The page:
(1886 – 1960)
Benjamin Franklin Hill was born on September 30, 1886, in Hazelhurst, Mississippi. He was born to a poor farming family and decided early in life that he was going to get a proper education and learn all he could about agriculture so that he could lend a hand to farmers like his father. He did just that and spent thirty-six years of his adult life dedicating himself to the rural population of Limestone County, Alabama.
Young Benjamin attended Brookhaven High School and Tuskegee Institute and in 1909 was a teacher for the A&M Institution. On September 15, 1916, Mr. Hill began a long and successful career with the Extension Service, stationed in Limestone County. His position was titled Negro Local Agent, and he was one of the first so titled agents in Alabama, the Cooperative Extension system being in its infant stages.
Mr. Hill’s first love was the care of animals. He studied animal science at Tuskegee, pored over whatever material he could find on the science of veterinary and became a self-taught veterinarian. Formal veterinarians were scarce in North Alabama at the time Mr. Hill began his work as a county agent, and word spread quickly that the young county agent knew what he was doing. In order to introduce himself to the farmers, he first tended to their sick animals. Once they knew they could trust him, he could do his farming demonstrations and help the farmers on both levels. Soon he was no longer just Mr. Hill, he was Doctor Hill, and for the rest of his life, he was called “Doc” Hill.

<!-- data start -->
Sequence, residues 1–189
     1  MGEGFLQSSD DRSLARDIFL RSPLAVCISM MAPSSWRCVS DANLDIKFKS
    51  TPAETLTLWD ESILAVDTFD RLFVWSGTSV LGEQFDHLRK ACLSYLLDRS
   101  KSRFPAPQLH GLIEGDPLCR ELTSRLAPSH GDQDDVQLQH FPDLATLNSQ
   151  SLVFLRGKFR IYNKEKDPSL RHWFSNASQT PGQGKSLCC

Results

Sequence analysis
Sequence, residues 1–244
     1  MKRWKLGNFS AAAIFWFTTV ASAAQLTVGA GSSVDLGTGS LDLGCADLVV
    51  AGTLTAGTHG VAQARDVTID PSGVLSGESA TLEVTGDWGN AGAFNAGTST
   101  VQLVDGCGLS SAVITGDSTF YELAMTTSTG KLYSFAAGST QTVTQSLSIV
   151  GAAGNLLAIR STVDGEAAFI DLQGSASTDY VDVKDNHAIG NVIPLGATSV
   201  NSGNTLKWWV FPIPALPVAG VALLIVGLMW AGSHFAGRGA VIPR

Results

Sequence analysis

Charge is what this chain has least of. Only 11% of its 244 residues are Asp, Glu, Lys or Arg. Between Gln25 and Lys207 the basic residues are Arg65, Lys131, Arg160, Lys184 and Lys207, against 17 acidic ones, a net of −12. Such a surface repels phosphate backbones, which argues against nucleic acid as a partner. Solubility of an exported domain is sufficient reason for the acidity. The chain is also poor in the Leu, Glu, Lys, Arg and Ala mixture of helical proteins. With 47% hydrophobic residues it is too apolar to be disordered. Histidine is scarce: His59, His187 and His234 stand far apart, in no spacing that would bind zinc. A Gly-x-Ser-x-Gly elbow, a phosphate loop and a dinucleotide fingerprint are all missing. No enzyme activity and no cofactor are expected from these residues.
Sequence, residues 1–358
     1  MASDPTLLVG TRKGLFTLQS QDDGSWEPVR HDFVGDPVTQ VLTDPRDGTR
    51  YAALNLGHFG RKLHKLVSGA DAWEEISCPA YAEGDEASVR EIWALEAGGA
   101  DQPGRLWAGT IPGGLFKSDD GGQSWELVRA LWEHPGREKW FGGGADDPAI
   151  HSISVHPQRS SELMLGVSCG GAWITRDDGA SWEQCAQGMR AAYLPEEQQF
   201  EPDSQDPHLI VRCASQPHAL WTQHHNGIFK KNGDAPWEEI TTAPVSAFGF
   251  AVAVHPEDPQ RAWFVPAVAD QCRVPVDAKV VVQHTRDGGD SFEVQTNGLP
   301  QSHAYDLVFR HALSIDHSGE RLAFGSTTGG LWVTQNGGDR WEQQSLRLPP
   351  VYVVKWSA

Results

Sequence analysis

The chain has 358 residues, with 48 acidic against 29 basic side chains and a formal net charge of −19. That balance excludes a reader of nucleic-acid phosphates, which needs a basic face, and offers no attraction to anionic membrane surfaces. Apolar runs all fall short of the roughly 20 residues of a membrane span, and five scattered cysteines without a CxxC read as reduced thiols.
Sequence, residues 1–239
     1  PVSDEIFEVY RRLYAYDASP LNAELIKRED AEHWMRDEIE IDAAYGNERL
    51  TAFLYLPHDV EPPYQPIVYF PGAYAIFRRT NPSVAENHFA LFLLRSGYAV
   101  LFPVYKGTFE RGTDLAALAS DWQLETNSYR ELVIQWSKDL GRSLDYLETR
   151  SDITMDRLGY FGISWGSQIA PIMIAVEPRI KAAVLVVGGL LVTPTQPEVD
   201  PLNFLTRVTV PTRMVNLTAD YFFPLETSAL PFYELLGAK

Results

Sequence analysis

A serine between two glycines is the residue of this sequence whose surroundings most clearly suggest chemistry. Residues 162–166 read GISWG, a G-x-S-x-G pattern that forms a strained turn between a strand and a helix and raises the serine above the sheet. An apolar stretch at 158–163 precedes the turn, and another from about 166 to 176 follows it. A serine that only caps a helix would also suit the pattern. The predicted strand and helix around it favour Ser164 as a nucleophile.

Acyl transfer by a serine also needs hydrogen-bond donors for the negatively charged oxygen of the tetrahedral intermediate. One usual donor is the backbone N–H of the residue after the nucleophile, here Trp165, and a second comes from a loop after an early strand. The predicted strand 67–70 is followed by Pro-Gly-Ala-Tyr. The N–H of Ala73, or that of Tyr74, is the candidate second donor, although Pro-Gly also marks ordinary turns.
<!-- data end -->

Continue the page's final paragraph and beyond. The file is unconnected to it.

Believing in the concept of the extension system, “Doc” Hill carried on a strong farm demonstration program. His counsel and advice were sought often on many matters, and his workday could easily be sixteen hours long.
To honor his thirty-six years of dedicated service to the people of Limestone County, we inscribe the name of Benjamin Franklin “Doc” Hill on the dedicatory plaque of the Extension Memorial Chapel.
Chapel Plaque Inscription Number: 273